Measures to stimulate consumption of fossil fuels total more than $4 billion a year. Why should the fringe benefits tax reward those who use their company cars mostly for private use while lesser mortals pay income tax and GST on their public transport fares?
Climate Change Minister Penny Wong squashed a move in the environmental group to recommend that no more coal-fired power stations be built. Why? Already base-load solar photovoltaics and solar thermal and geothermal energy can competitively meeting the full growth in electricity consumption with a $20-$30 a tonne charge on carbon dioxide emissions.
The governance group resurrected the republic debate without touching the central issue of whether the president would be elected or appointed by the parliament. If the president is elected, power will be leached out of the parliament into the president's office, as has occurred in the US, unless there is a constitutional amendment to prevent a hostile Senate blocking supply.
The debate should be about the future of the Westminister system, which is based on the accountability of the executive to the parliament.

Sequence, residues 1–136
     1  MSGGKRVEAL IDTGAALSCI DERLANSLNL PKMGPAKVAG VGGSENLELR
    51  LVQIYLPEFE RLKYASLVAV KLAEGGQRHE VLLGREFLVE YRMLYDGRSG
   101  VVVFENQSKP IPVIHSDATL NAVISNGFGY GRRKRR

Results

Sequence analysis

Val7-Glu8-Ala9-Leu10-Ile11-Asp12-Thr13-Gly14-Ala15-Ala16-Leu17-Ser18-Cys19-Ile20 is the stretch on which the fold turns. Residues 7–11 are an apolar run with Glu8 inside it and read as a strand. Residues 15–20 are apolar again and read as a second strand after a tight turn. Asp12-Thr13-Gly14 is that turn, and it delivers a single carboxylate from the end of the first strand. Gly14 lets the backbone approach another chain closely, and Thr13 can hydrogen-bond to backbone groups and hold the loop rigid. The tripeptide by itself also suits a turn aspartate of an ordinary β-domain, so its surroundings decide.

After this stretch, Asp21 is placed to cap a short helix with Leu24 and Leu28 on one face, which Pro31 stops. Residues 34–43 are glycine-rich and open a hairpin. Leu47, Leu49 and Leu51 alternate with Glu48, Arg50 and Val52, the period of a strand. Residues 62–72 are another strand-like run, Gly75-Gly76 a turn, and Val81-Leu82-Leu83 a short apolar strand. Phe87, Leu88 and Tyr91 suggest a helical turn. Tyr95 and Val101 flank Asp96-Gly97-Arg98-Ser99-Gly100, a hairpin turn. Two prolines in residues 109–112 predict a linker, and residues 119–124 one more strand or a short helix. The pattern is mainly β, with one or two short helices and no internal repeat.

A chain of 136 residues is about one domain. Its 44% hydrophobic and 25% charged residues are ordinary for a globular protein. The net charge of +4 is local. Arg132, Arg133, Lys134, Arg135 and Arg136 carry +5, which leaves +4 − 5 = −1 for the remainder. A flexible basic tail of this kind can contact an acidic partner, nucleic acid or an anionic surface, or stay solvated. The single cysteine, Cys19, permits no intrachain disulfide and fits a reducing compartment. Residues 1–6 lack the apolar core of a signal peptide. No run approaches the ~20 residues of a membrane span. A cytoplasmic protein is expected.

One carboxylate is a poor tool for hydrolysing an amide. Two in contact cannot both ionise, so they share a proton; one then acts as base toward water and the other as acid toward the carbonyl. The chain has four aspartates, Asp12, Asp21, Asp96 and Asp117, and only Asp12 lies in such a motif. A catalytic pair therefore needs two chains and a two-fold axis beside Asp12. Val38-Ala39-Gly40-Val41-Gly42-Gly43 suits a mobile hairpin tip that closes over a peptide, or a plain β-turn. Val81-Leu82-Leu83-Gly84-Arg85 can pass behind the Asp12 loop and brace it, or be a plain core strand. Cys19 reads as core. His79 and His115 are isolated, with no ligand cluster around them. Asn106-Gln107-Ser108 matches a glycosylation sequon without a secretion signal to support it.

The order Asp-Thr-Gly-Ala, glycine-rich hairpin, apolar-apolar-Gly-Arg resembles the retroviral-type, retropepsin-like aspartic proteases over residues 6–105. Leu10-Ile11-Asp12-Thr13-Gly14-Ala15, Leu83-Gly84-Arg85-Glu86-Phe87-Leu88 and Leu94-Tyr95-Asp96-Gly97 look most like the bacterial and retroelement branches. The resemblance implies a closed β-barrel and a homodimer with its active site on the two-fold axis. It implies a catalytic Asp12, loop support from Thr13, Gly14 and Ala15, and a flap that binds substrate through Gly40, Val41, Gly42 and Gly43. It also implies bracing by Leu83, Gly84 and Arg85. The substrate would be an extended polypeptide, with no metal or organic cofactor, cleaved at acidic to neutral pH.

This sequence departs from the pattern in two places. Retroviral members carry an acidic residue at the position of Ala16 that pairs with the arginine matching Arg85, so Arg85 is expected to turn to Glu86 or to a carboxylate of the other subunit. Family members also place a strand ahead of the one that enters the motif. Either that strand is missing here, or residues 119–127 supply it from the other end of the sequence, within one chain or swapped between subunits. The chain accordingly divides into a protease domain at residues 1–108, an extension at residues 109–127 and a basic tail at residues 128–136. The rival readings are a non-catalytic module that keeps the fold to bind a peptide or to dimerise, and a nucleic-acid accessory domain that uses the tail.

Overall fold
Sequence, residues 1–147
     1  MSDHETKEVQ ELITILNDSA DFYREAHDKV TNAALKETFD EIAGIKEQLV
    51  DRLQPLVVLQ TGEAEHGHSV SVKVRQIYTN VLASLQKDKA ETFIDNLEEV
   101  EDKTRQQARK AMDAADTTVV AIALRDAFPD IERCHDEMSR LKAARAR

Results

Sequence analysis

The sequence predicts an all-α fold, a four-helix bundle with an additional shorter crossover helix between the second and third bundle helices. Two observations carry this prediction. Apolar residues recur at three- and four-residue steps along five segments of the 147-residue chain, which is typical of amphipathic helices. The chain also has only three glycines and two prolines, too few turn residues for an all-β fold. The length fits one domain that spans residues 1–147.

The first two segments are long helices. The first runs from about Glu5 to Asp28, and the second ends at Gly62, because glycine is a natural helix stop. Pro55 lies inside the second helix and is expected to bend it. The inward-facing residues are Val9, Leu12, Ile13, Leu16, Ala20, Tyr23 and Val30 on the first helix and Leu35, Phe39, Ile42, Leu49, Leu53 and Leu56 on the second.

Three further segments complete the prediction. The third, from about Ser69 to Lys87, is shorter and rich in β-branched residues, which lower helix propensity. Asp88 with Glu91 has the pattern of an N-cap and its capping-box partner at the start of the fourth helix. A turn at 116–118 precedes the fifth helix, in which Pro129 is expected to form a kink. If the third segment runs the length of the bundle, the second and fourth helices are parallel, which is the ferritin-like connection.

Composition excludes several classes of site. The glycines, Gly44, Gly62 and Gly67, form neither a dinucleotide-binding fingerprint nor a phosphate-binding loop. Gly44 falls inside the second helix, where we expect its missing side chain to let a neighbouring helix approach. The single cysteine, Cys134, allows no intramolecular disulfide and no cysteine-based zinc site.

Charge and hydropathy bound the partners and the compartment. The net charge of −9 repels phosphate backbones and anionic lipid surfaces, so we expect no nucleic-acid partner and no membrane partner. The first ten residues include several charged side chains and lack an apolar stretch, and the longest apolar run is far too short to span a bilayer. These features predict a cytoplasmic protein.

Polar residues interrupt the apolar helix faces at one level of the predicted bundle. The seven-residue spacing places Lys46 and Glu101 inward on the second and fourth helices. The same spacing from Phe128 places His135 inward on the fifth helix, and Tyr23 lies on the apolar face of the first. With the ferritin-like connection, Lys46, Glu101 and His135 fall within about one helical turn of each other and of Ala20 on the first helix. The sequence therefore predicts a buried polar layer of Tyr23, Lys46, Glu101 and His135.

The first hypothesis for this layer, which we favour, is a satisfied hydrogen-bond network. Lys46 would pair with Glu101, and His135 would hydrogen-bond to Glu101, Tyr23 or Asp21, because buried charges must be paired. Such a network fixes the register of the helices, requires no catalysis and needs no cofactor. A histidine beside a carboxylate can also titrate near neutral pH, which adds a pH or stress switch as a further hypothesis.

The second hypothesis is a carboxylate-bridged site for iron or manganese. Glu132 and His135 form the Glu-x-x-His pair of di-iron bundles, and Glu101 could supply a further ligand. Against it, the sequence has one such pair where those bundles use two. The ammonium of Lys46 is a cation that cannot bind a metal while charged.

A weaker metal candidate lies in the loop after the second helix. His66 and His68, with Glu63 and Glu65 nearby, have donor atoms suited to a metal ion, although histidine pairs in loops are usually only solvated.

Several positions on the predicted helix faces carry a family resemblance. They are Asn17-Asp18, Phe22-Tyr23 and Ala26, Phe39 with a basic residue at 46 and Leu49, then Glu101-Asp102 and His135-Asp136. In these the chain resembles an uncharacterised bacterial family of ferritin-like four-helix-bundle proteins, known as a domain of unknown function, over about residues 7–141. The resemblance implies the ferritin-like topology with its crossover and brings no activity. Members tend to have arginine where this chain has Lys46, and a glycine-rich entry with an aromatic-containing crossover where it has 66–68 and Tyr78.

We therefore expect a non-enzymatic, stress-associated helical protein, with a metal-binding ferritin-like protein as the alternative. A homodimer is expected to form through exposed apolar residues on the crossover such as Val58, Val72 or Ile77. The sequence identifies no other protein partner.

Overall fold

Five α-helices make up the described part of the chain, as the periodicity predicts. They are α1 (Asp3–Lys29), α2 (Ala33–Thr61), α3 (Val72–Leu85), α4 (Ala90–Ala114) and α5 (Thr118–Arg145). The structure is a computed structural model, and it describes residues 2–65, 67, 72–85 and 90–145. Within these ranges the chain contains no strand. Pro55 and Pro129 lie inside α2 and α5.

The place to begin is the High Court decision in 2005 to approve the Howard government's authority to spend $40 million advertising its WorkChoices legislation. This, even though legislation had not been presented to parliament and was covered by a one-line omnibus appropriation for the Industrial Relations Department of $1.4 billion designed to produce the "outcome" of "higher productivity, higher paid workforces" plus "efficient and effective labour assistance".
The assault on accountability was made possible by the shift from cash accounting, where parliament appropriates money for specific purposes with objective descriptions, to accrual accounting, where appropriations are classified by "outputs", which have become little more than political slogans.
When the budget is brought down in May we will discover whether, thanks to an inept High Court, the rotting door of executive accountability has been kicked completely down or whether the Rudd Government will resist the temptation and restore some credibility to the budget papers.
Kenneth Davidson is a senior columnist.